Seeing and empowering future Native scholars

Anpa’o Locke ’21 submitted one of the winning essays of the College’s 2019 Hortense Parker Celebration. The celebration honors the legacy of Hortense Parker — class of 1883 and the College’s first known student of color — and all students of color, past and present. Locke’s essay is presented here with her permission.

Q: When you leave the gates of Mount Holyoke College, what do you hope to leave behind? What will your legacy be?

It’s summer and the sun is starting to set. The prairie is alive. I can hear the wind, softly blowing. The crickets talk to each other, telling each relative nearby to get ready. The rez dogs bark in the distance, in excitement. The ceremony is about to start.

Our tires crunch against the gravel as my mom and I drive down to the ceremonial grounds. I see two tipis in the distance, right next to a long arbor made of wood. I see my cousins playing in the dirt and exploring our land. I can hear the hearty chuckles of my aunties in the kitchen. It’s my community. In my traditions, the Lakota people have a ceremony that is named Isnati. The coming of age women’s ceremony. You are eligible to go through the ceremony when you have your first menstruation cycle (also called moon time by many Indigenous communities).

Throughout the several-day-long ceremony, Isnati is a time to learn lessons of life through women in your community.

The process begins with complete isolation from outside community members apart from the participating women in the ceremony and the Aunties, Mothers, Sisters and Cousins who help. It’s a moment of empowerment, resilience, a wíŋyaŋ, a Lakota woman. This ceremony allows you to learn and genuinely connect to your Indigeneity. You feel one with the land, your community and the creator.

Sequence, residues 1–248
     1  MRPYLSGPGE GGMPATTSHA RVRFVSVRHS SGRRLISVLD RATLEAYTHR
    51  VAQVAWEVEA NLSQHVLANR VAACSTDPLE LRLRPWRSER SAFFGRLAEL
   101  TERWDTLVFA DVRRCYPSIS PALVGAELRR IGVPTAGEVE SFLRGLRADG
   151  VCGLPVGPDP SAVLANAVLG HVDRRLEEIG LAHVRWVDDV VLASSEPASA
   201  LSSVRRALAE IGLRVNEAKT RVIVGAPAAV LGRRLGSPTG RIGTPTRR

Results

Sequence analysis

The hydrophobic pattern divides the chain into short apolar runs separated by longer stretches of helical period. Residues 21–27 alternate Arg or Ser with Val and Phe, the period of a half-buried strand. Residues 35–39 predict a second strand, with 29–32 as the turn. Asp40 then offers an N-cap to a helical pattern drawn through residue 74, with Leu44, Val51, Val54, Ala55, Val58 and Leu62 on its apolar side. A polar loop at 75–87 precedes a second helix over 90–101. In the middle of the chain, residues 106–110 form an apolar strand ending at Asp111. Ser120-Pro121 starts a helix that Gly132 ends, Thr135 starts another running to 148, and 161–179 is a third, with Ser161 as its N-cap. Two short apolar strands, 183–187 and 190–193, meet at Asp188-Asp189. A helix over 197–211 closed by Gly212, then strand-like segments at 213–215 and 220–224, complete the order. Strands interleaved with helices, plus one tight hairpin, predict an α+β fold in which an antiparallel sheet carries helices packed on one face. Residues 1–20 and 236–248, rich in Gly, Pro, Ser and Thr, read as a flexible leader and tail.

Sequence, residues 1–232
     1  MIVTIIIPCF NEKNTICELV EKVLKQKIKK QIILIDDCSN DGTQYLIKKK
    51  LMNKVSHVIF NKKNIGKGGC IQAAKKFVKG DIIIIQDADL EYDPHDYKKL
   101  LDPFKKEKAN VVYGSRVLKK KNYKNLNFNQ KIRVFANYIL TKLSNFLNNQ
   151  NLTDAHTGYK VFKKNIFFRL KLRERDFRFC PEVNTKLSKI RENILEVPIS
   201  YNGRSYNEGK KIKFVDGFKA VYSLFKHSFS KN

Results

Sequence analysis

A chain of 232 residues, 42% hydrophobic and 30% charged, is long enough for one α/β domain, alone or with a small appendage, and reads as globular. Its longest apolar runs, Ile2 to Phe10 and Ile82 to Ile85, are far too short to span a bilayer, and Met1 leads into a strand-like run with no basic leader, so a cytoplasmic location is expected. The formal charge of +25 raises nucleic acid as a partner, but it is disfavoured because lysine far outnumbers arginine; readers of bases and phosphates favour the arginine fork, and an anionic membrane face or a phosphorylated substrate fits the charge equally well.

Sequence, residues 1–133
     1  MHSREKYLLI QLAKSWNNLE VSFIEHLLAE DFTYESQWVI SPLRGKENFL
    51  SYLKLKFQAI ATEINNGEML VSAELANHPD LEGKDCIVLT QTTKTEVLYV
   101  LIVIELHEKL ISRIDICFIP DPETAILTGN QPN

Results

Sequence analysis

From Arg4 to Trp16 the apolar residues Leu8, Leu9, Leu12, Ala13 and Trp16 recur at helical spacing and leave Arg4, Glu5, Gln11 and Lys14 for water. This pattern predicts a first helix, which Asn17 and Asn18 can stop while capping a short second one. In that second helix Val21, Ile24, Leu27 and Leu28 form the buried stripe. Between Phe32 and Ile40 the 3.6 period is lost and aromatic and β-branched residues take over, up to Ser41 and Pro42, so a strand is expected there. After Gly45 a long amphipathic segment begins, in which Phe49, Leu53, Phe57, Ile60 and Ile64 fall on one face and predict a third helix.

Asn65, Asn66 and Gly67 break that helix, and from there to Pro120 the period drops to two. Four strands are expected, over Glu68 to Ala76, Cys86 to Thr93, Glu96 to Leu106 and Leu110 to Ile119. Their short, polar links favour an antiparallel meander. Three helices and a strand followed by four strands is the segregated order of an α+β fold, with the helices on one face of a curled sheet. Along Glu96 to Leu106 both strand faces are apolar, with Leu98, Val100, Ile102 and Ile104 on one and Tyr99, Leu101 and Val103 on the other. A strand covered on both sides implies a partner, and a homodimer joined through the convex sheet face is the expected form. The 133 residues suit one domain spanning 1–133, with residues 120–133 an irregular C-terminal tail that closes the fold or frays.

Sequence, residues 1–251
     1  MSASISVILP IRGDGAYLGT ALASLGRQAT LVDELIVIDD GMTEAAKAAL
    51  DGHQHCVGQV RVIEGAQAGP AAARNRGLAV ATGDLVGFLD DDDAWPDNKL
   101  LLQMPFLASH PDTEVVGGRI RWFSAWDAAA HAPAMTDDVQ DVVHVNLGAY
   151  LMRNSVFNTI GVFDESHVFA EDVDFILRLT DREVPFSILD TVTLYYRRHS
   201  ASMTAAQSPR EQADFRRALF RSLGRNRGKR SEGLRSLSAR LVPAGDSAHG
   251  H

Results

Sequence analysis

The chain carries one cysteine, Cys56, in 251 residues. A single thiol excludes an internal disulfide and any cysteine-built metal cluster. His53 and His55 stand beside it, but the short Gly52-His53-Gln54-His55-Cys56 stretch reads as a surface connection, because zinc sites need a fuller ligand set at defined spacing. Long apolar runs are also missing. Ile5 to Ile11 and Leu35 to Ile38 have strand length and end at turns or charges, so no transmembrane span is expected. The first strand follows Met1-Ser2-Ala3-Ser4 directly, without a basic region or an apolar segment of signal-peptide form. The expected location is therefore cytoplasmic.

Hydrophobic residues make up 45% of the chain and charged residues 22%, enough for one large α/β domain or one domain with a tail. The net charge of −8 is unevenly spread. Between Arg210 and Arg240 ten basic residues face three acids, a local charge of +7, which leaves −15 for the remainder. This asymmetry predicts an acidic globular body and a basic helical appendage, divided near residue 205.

You feel the strength of your ancestors, coming up through your feet, from the ground.

You feel the power, the resiliency. During Isnati, I was taught cultural ways of life I had not known before. And I was given the knowledge of our history, and the position we hold as Indigenous people. I want to share this knowledge with my Native scholar community.

The legacy I want to leave behind is one of a strong community.

I remember walking through the gates and immediately feeling like I don’t belong. I felt like I was an imposter, because it felt like there were no Indigenous people here. I felt invisible, unacknowledged, unseen. Moving from my community, that was large, surrounded by endless Aunties (Thiwin), Uncles (Leksi), Grandmas (Unci) and Grandpas (Lala), to feeling isolated. I want my Indigenous peers to feel the power that runs through our blood. Our ancestors fought for us to be here, and it is our given right to be in these spaces. We shouldn’t feel imposter syndrome on land that was stolen from us. I belong here. You belong here.

This is why we are creating ISCA, Indigenous Students Cultural Association. We want to cultivate a space and welcoming for our incoming relatives.

Our Indigenous students are important and vital to every campus and classroom. The first thing we would need from the college is land acknowledgement. If you want to make Native students feel less invisible, acknowledge that this is occupied Nipmuck and Pocumtuc land.

The legacy I want to leave when I graduate is a thriving community for Indigenous students to feel safe and supported.

I want to share the knowledge I learned from Isnati, the value of community. How we can be in good relations, how to be a good relative to each other at this PWI. I want my future and current Native scholars to feel empowered and heard. That’s the legacy I want to leave with ISCA. Indigenous students will be seen, we will be heard, we will be acknowledged.

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